By: Bill Bosher
There is an expression in education that is called the "teachable moment." Robert Havighurst perhaps popularized the term in his 1952 book, "Human Development and Education." More recently, Beth Lewis has described the concept as, "an unplanned opportunity that arises in the classroom where a teacher has an ideal chance to offer insight to his or her students."
In this instance, the opportunity was a tragedy at the Boston Marathon, the day prior to the sixth anniversary of the Virginia Tech massacre. Beth Lewis also says, "a teachable moment is not something that you plan for; rather, it is a fleeting opportunity that must be sensed and seized by the teacher."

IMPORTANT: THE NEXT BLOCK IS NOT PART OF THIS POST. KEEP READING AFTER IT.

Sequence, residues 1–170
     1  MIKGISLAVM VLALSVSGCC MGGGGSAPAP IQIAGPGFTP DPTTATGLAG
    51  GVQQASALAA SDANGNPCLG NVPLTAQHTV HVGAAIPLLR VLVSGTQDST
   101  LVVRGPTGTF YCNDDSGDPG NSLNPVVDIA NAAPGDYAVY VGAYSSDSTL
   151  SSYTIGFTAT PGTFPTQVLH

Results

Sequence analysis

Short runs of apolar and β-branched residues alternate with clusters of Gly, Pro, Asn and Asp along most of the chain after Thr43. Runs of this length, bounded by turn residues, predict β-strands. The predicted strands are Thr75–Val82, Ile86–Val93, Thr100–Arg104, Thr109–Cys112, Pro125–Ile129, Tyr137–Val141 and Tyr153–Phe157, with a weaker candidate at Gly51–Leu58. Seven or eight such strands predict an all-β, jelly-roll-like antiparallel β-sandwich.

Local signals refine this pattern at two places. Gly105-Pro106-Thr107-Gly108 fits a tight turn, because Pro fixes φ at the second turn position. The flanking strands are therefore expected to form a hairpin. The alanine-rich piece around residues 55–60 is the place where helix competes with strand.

So what do we do? First, don't ignore the topic or pretend that it is not happening, Second, we must reassure students that they are safe.
As terrible as the literal and visual impact of this event may be, and as frequently as we may be seeing it, the chances of it involving them or their families is light being struck by lightning during a storm.
Third, there are many people…policemen, firemen, and soldiers…who are working day and night to make sure that they are safe. Fourth, parents and teachers need to take time to listen…let children talk and make every effort to respond to their questions and concerns. Fifth, don't avoid the issues of good and evil…there are evil people in the world who do unthinkable things but there are far more good people in the world who work to love and protect.
Teaching a lesson can be tough…learning one can be even harder!